# How do you prove a kernel is a subspace?

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## How do you prove a kernel is a subspace?

Theorem: the kernel of any linear map f:V→W is a vector subspace of the domain. Proof: we must show that ker(f)={x∈V:f(x)=0} is closed under zero, addition, and multiplication. Since f is linear, we have f(0)=0, so 0∈ker(f). Furthermore, if we have a,b∈ker(f), then f(a+b)=f(a)+f(b)=0+0=0; then a+b∈ker(f).

## Is the kernel of a linear transformation a subspace?

The kernel of a linear transformation from a vector space V to a vector space W is a subspace of V. Hence u + v and cu are in the kernel of L.

**Is ker A a subspace?**

A subset W of the vector space Rn is called a subspace of Rn if it (i) contains the zero vector; (ii) is closed under vector addition; (iii) is closed under scalar multiplication. One important observation we can immediately make is that for any n × m matrix A, ker(A) is a subspace of Rm and im(A) is a subspace of Rn.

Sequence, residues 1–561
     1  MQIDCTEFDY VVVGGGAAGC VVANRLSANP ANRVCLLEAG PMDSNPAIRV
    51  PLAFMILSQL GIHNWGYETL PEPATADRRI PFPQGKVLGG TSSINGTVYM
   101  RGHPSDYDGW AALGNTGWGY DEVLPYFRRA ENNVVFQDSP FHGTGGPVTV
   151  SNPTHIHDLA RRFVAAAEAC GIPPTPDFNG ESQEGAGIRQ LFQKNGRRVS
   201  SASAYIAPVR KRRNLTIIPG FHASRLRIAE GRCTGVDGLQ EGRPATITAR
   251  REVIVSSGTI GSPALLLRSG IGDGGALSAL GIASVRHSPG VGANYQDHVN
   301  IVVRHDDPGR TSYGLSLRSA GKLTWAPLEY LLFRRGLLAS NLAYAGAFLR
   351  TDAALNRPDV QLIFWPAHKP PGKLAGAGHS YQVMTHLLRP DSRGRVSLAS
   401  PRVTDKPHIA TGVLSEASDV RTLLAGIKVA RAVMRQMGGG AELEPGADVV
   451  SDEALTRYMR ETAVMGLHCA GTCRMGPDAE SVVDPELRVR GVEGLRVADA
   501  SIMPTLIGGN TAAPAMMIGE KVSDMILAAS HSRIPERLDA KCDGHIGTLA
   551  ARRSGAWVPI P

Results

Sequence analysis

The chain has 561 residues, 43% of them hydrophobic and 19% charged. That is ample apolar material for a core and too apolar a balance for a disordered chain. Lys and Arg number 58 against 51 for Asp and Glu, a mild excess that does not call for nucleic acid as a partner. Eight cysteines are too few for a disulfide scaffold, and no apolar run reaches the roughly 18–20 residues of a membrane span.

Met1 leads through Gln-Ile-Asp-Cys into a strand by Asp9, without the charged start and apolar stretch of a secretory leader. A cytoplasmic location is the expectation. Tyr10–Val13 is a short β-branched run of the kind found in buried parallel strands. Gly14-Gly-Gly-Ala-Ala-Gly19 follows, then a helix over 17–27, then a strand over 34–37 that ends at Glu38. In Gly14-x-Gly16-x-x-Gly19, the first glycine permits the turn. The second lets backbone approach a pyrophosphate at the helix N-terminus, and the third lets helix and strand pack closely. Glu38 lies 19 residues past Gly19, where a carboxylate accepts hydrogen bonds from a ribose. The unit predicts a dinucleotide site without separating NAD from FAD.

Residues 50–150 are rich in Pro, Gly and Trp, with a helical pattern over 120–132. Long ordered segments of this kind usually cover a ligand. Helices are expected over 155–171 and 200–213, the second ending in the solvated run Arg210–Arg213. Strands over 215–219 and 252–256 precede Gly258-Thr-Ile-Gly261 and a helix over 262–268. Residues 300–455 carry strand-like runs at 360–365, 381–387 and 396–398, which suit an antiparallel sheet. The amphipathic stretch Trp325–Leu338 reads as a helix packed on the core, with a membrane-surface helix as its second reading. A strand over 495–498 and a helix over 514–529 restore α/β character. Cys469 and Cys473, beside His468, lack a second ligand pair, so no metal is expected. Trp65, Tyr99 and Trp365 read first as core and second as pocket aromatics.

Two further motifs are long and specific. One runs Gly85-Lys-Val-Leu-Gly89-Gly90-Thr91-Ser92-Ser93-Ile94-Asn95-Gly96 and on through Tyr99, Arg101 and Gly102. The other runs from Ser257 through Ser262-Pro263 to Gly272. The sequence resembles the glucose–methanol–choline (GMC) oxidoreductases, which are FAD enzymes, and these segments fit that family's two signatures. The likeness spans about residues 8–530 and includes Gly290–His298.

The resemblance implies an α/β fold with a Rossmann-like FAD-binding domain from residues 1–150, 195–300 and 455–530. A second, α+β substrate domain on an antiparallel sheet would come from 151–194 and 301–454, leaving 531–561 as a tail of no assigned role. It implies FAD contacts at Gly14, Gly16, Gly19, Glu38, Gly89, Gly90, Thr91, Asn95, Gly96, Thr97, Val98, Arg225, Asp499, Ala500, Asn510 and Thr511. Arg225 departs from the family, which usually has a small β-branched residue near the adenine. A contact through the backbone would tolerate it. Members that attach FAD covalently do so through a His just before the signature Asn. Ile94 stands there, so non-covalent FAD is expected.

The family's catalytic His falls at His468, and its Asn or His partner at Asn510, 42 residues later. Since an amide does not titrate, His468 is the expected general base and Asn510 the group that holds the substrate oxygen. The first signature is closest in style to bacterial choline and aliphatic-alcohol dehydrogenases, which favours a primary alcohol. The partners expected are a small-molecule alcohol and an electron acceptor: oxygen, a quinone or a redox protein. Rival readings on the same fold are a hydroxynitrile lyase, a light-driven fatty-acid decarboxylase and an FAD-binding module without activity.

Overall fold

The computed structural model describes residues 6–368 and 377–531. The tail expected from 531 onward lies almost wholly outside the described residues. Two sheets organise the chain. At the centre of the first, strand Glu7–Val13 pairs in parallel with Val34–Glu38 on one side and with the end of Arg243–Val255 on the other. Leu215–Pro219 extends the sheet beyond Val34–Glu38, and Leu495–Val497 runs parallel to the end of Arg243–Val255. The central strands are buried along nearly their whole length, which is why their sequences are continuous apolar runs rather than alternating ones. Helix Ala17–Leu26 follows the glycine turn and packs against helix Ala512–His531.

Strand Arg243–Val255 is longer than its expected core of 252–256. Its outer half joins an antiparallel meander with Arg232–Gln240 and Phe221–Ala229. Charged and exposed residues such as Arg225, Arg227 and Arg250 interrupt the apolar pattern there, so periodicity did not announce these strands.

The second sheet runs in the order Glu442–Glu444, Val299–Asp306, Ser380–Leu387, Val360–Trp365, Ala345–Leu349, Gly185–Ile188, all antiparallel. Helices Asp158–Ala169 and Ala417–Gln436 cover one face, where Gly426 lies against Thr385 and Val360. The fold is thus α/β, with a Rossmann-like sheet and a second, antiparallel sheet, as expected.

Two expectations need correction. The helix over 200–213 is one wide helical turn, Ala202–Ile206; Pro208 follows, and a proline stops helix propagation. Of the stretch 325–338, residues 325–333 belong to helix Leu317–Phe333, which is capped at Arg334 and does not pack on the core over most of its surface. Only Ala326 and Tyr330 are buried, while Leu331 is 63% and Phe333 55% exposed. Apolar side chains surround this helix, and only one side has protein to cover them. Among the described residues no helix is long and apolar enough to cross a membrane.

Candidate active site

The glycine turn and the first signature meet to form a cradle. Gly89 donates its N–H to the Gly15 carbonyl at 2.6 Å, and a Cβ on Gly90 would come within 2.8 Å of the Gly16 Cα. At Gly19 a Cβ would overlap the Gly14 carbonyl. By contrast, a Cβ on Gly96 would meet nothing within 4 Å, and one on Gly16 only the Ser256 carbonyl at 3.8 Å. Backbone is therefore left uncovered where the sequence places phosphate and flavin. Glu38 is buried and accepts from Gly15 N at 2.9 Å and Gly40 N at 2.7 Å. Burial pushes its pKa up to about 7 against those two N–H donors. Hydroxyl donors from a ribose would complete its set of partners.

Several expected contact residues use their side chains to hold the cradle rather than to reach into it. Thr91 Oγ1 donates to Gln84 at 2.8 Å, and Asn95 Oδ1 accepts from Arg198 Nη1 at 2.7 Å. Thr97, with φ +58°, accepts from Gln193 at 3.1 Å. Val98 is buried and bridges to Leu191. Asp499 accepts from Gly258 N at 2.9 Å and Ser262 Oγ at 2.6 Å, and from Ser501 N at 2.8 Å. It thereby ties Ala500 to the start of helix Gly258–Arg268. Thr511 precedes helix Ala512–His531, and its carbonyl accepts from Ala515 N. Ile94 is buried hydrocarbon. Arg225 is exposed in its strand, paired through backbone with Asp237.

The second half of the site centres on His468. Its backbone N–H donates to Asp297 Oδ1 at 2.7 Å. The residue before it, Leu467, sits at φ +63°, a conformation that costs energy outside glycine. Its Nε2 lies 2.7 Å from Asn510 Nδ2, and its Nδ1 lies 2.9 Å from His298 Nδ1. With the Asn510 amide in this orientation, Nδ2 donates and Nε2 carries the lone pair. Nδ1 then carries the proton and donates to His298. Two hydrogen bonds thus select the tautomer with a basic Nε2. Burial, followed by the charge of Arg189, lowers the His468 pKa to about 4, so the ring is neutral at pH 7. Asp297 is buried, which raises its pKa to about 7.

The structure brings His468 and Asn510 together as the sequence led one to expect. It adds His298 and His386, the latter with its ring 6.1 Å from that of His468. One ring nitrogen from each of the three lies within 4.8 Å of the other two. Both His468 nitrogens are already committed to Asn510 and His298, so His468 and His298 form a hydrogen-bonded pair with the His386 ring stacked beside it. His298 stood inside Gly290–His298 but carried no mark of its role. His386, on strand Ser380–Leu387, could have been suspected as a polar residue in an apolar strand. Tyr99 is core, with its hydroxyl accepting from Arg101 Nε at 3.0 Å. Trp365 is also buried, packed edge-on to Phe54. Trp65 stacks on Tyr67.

**How do you prove a linear subspace?**

In other words, to test if a set is a subspace of a Vector Space, you only need to check if it closed under addition and scalar multiplication. Easy! ex. Test whether or not the plane 2x + 4y + 3z = 0 is a subspace of R3.

### How do you find the kernel of a linear transformation?

To compute the kernel, find the null space of the matrix of the linear transformation, which is the same to find the vector subspace where the implicit equations are the homogeneous equations obtained when the components of the linear transformation formula are equalled to zero.

### How do you find the basis of a kernel of a linear transformation?

To find the kernel of a matrix A is the same as to solve the system AX = 0, and one usually does this by putting A in rref. The matrix A and its rref B have exactly the same kernel. In both cases, the kernel is the set of solutions of the corresponding homogeneous linear equations, AX = 0 or BX = 0.

**How is kernel calculated?**

**Is kernel A subspace of image?**

Let V,W be vector spaces and let T:V→W be a linear transformation. Then ker(T)⊆V and im(T)⊆W. In fact, they are both subspaces. Thus ker(T) is a subspace of V.

## Are kernel and null space the same?

The terminology “kernel” and “nullspace” refer to the same concept, in the context of vector spaces and linear transformations. It is more common in the literature to use the word nullspace when referring to a matrix and the word kernel when referring to an abstract linear transformation.

## What is a basis for the kernel?

A basis of the kernel of A consists in the non-zero columns of C such that the corresponding column of B is a zero column.